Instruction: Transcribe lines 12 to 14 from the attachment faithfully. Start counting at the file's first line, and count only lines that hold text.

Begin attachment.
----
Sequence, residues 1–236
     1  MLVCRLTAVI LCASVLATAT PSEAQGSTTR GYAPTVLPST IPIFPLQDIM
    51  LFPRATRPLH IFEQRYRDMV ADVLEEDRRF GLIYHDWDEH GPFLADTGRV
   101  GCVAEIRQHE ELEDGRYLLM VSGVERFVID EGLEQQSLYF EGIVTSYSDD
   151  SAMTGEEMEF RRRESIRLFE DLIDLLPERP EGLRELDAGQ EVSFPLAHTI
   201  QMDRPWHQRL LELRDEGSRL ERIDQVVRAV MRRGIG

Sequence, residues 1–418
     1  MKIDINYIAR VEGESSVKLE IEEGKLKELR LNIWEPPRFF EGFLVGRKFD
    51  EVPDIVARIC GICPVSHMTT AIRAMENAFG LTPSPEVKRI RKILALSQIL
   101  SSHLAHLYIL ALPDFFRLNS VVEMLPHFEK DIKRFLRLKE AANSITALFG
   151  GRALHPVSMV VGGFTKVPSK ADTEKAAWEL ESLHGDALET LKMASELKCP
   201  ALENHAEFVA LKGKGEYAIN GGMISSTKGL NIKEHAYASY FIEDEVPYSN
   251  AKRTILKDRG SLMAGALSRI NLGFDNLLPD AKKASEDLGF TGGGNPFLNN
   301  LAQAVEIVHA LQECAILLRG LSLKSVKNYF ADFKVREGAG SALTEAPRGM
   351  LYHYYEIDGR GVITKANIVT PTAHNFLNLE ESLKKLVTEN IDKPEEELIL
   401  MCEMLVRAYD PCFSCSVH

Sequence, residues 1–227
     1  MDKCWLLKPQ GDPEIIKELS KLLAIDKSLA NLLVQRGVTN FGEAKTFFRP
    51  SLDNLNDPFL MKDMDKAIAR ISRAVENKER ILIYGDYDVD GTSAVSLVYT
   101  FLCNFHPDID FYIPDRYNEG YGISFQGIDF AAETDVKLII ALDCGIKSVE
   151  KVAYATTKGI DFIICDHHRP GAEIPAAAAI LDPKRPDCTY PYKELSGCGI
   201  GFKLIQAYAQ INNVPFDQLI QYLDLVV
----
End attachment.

   201  ALENHAEFVA LKGKGEYAIN GGMISSTKGL NIKEHAYASY FIEDEVPYSN
   251  AKRTILKDRG SLMAGALSRI NLGFDNLLPD AKKASEDLGF TGGGNPFLNN
   301  LAQAVEIVHA LQECAILLRG LSLKSVKNYF ADFKVREGAG SALTEAPRGM